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The Architect of Paradise : No Tree Is More Symbolic of Southern California, and No One's Grown More of Them Than Tom Roydon.

October 01, 1995|DAVE GARDETTA | Los Angeles writer Dave Gardetta is a frequent contributor to the Washington Post, L.A. Weekly and Los Angeles magazine

Myths surround men who grow palms. Friends of Tom Royden, a San Diego County grower, estimate that he has grown a million in his lifetime. They say that to live in Southern California and not own, least of all see, a Royden palm would be a considerable feat. The palm men like to tell stories about Royden, who is 57, English, built like a small water tower, has traveled enough to carry a story on any subject, and generates myths in a prodigious, backhanded manner.

The palm men say Royden's the hardest-working son of a bitch, that when he was starting out in the Borrego Valley during the 1980s, he took 10 years out of his life by laboring seven days a week, 18 hours a day, to build up what is perhaps the largest palm plantation in the Western United States, the 300-acre Ellis Farms in Borrego Springs. This, Royden says, is myth. Royden, who started his own ranch in 1979, claims he would never work those long hours, though when I called him once at 10:30 in the evening I reached him on cellular--he was in the palms. He told me the moon was full, and the light was fine for fixing his tractor.

The palm men say Royden can answer any horticulture question without picking up a book; they say that when a new fertilizer lands on the market, Royden buys one bag, reads the ingredients, then gets on the phone and orders truckloads of nitrogen and phosphate and whatever, and mixes up a fertilizer himself. This, Royden says, is myth. "Go talk to the growers who are scientists," he instructed me one day. "I'm just a whore with the palms."

Yet it is scientific fact that when Royden was at Ellis Farms, he realized that the ground water pumping from the wells already contained all the nitrates the palms needed, though he couldn't explain why. He drove a water sample to the agriculture chemists at UC Riverside, who measure nitrate content in a color spectrum that graduates from light to dark blue. When Royden's sample went jet black, the chemists said, "Get this out of here and bring us a real sample." When the second test went jet black, the chemists said, " Don't drink this, but use it on the palms."

The palm men call Royden prolific. They say he's the type of businessman who "doesn't just come out to the ranch in a Cadillac to tell the workers what to do." Royden says simply that he is a bit of a loner, that he enjoys playing Boy Scout in the trees, and that he is happiest among palms. This I can attest to. I have watched him sitting in his beautiful three-story Del Mar home, beside his girlfriend Kozy at the dinner table, dressed in stained shorts, a blue windbreaker and a ratty shirt unbuttoned to the stomach--"primate mating signaling," he calls the outfit he wears 365 days of the year--and there is a slightly uncomfortable look about him that says as soon as the risotto dishes are cleared away, he's crashing off into the darkness to his nearby palm ranch.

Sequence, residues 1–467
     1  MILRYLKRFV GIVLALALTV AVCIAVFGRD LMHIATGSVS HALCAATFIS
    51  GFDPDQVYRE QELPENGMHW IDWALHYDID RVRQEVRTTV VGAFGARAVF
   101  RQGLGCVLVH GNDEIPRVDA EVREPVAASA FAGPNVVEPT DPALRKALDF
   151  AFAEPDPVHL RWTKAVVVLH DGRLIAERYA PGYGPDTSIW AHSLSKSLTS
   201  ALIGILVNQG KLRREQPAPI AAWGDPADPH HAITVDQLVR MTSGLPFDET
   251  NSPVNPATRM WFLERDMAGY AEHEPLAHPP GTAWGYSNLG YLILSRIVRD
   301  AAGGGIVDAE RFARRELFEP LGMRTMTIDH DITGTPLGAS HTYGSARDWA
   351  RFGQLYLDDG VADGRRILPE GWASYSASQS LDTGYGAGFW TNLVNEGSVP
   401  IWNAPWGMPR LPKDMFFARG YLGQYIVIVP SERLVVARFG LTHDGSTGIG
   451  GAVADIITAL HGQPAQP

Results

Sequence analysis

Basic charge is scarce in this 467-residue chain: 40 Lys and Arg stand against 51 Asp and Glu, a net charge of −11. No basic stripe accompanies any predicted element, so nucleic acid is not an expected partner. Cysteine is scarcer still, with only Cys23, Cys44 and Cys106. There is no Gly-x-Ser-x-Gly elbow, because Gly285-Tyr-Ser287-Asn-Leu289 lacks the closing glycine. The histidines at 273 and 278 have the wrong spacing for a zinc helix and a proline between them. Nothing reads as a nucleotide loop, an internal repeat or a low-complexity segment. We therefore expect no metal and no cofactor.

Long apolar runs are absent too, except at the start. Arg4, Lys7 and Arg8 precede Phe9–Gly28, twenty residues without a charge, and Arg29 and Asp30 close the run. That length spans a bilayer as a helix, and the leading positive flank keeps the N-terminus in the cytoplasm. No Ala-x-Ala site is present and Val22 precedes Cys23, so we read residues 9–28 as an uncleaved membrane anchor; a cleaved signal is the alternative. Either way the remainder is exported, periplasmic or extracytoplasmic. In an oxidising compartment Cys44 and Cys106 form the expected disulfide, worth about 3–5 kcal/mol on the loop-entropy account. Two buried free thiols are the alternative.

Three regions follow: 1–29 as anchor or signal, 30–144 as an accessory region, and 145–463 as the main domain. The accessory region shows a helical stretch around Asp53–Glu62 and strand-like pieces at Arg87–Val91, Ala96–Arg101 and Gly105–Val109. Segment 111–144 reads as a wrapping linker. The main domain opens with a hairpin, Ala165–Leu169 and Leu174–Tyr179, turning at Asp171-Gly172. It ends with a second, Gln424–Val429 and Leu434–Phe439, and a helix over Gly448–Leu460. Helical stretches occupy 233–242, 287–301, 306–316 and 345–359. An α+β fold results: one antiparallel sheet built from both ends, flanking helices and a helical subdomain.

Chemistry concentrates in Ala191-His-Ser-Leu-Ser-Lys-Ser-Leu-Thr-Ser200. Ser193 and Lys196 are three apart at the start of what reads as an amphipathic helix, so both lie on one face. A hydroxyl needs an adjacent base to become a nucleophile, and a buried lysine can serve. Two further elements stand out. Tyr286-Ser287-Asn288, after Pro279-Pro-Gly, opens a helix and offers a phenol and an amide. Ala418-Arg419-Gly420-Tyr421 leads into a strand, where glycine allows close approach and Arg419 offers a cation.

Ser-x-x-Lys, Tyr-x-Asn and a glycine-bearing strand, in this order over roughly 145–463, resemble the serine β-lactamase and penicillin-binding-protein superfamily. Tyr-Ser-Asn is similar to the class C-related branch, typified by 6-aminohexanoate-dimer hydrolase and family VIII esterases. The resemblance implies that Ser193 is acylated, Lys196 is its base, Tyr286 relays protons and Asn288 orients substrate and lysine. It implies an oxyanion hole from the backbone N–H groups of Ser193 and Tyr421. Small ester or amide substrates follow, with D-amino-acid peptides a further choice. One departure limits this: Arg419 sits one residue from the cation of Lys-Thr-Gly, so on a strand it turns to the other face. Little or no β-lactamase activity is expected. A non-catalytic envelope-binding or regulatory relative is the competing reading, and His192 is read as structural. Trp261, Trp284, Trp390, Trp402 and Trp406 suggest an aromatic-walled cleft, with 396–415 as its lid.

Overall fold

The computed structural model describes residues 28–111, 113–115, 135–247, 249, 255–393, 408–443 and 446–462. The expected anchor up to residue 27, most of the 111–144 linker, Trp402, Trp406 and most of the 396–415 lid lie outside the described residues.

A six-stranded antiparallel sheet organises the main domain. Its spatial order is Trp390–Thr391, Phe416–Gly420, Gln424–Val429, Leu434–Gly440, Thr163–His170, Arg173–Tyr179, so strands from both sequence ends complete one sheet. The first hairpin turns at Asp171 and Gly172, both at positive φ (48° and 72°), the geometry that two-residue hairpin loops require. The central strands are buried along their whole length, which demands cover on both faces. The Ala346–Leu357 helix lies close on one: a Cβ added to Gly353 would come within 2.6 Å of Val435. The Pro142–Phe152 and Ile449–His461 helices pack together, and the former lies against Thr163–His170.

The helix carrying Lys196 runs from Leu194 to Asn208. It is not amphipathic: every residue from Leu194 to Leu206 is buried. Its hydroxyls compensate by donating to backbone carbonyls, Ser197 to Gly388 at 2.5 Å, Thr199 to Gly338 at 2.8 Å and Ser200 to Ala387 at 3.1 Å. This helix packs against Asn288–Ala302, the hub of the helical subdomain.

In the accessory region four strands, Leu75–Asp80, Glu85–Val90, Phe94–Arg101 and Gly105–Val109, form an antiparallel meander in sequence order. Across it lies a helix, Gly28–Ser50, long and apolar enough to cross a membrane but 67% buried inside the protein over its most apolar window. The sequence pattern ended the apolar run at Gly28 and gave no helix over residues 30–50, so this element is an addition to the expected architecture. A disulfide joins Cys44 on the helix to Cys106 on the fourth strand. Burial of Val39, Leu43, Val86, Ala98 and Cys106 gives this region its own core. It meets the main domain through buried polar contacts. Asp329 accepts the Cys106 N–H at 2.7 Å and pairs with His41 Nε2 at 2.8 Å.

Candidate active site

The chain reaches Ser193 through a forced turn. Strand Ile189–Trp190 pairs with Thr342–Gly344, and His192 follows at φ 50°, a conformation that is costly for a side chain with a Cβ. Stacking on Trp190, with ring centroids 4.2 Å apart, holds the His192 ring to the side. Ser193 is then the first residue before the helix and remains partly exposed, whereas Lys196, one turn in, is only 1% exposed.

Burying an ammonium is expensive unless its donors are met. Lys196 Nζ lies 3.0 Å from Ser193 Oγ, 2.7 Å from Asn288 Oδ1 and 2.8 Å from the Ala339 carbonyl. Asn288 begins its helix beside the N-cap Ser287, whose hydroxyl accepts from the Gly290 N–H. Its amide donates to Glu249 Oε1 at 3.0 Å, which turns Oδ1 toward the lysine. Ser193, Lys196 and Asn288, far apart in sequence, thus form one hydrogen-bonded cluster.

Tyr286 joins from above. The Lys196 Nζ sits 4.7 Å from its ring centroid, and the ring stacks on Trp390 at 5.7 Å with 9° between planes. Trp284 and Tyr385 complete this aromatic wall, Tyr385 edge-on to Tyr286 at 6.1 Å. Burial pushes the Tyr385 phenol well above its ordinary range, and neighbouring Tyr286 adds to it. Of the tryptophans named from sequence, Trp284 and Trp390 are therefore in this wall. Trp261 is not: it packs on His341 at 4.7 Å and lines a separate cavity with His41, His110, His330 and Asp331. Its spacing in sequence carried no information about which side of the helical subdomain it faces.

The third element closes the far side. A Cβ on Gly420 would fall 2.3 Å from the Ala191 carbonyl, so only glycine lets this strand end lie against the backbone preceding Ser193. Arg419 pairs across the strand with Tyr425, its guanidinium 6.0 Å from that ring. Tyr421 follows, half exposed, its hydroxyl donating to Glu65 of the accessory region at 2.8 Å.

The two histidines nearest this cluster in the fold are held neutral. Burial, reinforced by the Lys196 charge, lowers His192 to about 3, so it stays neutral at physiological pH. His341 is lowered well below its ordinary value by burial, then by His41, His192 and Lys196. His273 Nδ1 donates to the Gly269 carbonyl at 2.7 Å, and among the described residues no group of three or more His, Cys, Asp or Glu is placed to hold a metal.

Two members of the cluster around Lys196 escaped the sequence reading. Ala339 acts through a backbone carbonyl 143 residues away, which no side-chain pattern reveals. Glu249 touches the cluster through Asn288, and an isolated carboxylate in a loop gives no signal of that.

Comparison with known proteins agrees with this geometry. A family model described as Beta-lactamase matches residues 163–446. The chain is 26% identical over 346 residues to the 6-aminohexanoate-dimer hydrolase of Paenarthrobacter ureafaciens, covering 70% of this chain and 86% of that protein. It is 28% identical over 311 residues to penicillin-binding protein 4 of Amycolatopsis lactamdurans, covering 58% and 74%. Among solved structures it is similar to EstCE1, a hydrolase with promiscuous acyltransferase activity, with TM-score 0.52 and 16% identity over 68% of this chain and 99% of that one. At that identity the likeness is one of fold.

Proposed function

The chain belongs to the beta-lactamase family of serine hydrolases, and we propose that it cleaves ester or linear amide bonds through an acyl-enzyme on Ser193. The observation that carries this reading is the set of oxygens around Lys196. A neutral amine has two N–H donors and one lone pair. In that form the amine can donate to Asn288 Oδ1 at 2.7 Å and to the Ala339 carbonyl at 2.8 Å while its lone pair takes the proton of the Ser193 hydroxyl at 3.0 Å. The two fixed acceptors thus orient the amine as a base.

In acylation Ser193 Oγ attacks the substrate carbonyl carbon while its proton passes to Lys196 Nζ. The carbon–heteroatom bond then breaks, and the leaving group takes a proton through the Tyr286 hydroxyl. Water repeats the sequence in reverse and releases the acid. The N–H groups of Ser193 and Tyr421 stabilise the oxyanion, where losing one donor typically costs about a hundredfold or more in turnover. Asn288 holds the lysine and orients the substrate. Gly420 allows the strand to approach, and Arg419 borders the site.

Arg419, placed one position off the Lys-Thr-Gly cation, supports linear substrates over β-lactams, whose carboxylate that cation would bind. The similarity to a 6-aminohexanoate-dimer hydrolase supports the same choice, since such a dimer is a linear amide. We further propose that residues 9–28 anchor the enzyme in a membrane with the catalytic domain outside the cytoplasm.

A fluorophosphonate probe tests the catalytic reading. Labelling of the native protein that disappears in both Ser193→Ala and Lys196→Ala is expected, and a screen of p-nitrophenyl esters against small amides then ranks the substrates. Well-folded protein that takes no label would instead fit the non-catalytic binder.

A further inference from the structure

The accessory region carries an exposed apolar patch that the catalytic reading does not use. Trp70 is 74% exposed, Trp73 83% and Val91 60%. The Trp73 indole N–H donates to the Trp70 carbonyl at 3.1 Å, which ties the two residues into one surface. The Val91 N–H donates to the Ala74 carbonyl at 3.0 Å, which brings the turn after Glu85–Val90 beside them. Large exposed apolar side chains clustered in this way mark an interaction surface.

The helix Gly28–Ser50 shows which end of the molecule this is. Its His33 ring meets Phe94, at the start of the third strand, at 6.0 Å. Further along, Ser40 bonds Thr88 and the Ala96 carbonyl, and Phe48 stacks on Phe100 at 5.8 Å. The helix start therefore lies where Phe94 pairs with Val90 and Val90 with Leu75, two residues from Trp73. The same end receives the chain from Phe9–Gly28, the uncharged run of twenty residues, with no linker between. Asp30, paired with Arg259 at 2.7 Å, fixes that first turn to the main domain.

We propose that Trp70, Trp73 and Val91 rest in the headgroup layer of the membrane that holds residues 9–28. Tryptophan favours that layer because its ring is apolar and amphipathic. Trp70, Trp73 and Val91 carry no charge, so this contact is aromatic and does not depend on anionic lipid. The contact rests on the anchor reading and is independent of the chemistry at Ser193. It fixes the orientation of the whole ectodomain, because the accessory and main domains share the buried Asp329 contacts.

When palm men like Royden talk of the good growing years for palms, they call them the "Reagan years." It was the 1980s, and the palm men grew Washingtonia robustas , the tall, slim-trunked palms that line Sunset Boulevard and other Hollywood streets. They grew Washingtonia filiferas , the only native California palm, shorter and stouter than the robusta but almost identical in appearance and planted in near equal numbers throughout Los Angeles. ("More robusta than the robustas ," is how palm men describe the filiferas , commonly referred to as the Mexican fan palm.) They grew kings, queens and fishtails and Guadalupe palms, sagos and kentias, reclinatas and pygmy date palms.

Developers loved the palms--they were relatively cheap, easy to move in stacks on flatbed trucks, and they drew the eyes of buyers. They said "California" to Midwesterners and "tropics" to Easterners and "home" to Southern Californians, and for a few years in the late 1980s, when the spread of housing tracts seemed almost viral, the trucks lined up in smoky queues outside the gates of palm plantations.

When Royden speaks of those years, he says "it was just go and go and go. I mean every week a new golf course was going up in Palm Springs." The palms rolled out to San Diego, to Riverside, to Ventura--the booming counties. They rolled out to Poway and Phoenix, to Las Vegas, Florida, New York, Jamaica, the Virgin Islands, Singapore, Japan, Saudi Arabia and Kuwait. The Southern California palms were so well known that they were even being purchased in countries where the tree was indigenous.

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